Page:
Kashmir cut off due to curfew, communication blackout
By Zaffar Iqbal
Srinagar Aug 5 (IANS) A curfew and a total communication blackout are in place in Kashmir with the government on Monday proposing to revoke Article 370 giving special status to Jammu and Kashmir.
In the morning, Prime Minister Narendra Modi met with his Cabinet colleagues but there was no clarity on what the plan for Kashmir was until Home Minister Amit Shah introduced a Bill in the Rajya Sabha seeking to scrap Article 370 of the Constitution and dissolve the state into two Union Territories -- Jammu and Kashmir with an Assembly and Ladakh without one.
With a communication shutdown in place, majority of the Kashmiris are still unaware of the decision on their fate.
Forty-year-old Nuzhat living in uptown Chanpora in Srinagar has stocked up milk and food for her two-year-old child but she is worried what is going to happen if the baby falls ill. A curfew will restrict her from taking her child to the doctor.
"My baby frequently suffers from chest infection. If a health emergency arises, I may not be able to take my boy to the doctor," a deeply disturbed Nuzhat said while breaking down.
Kashmir has remained in the grip of tension for the last 10 days with the Central government deploying thousands of paramilitary troops in the state without any clarification for the build up.
Subsequently, the Jammu and Kashmir administration last week issued unprecedented orders cancelling the Amarnath Yatra midway. The order categorically asked tourists to leave Kashmir.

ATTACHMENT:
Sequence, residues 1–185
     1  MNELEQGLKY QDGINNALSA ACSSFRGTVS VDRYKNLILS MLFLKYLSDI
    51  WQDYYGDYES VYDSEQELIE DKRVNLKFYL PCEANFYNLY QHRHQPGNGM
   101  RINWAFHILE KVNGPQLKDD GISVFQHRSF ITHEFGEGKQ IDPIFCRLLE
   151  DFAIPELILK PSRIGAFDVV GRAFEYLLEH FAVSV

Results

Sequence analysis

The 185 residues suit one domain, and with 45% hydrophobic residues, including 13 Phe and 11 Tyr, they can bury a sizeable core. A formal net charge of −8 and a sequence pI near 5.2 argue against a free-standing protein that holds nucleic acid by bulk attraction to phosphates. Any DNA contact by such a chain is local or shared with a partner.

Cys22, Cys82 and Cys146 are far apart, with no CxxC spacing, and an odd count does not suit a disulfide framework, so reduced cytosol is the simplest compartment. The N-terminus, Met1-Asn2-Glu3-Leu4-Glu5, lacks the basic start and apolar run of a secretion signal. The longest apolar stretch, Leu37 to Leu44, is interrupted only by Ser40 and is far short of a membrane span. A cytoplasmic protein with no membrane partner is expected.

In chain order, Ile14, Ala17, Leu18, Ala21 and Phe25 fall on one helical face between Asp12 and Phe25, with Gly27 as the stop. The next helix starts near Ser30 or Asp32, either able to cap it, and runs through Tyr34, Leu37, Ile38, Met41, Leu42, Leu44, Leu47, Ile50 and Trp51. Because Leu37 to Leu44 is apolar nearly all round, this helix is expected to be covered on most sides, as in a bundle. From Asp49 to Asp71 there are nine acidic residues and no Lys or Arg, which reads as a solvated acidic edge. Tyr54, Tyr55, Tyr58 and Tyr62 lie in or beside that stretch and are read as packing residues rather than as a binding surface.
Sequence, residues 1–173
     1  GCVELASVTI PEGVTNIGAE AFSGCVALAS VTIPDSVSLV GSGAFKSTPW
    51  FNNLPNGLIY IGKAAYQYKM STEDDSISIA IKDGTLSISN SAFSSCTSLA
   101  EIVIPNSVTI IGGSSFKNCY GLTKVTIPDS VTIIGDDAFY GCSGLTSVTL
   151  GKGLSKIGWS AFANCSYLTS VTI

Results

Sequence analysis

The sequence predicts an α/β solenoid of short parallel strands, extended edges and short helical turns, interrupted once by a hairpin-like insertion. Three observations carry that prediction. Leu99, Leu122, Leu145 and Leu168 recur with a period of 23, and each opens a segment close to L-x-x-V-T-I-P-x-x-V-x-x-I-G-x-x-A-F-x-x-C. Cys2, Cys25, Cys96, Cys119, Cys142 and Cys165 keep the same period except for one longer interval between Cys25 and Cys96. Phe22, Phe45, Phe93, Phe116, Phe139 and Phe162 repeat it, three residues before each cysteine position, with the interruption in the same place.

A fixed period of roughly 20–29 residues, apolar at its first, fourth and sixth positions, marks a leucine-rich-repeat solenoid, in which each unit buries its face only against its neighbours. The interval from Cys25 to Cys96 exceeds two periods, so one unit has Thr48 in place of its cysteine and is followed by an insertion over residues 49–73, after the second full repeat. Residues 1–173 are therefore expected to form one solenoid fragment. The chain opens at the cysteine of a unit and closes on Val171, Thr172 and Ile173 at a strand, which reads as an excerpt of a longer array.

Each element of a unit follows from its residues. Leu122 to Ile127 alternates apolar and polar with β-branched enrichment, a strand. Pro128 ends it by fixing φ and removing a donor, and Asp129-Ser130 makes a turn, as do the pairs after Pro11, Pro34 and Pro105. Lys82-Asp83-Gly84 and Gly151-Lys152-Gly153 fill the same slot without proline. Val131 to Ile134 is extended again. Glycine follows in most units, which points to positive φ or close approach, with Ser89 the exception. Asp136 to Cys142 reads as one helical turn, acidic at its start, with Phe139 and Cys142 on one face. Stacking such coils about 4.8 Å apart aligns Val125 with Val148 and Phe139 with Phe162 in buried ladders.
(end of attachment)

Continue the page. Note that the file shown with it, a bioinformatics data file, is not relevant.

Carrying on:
The order read, "Keeping in view the largest intelligence inputs of terror threats with specific targeting of the Amarnath Yatra and given the prevailing security situation in the Kashmir valley in the interest of safety and security of tourists and Amarnath Yatris, it is advised that they may curtail their stay in the valley immediately and take necessary steps to return as soon as possible."
The sudden calling off of the pilgrimage fuelled speculation of a possible government clamp down. The order also created panic among Kashmiris who sensed that the government of India might be preparing for a big move which would also mean the scrapping of the special status enjoyed by the state.
Ali Mohammad, a houseboat owner on the picturesque Nageen Lake in Srinagar, alleged that the police knocked his door on Friday morning and asked the tourists from Kolkata staying in the houseboat to leave immediately.
"I have never seen such a situation in my life when tourists are asked to pack their bags and go. This was not the case even in the height of militancy," said Ali Mohammad.
In the last fortnight, people in Kashmir frantically stocked up supplies and medicines fearing the worst. All this while there was no clarity from the government which triggered uncertainty and anxiety among the people.
But on Sunday night, there was a massive security lock down in Kashmir. The administration passed orders restricting movement of people while telephone lines, internet and cable TV were also shut.
Kashmir's mainstream politicians, including two former Chief Ministers Omar Abdullah and Mehbooba Mufti and Sajjad Lone, were placed under house arrest at midnight.
After the government's move to revoke Article 370, the big worry now is that street protests could erupt in the Valley triggering a fresh wave of unrest against the decision even though there is huge deployment of security forces across J&K.
How the government is going to deal with the aftermath and arrest a possible law and order problem remains the main question now.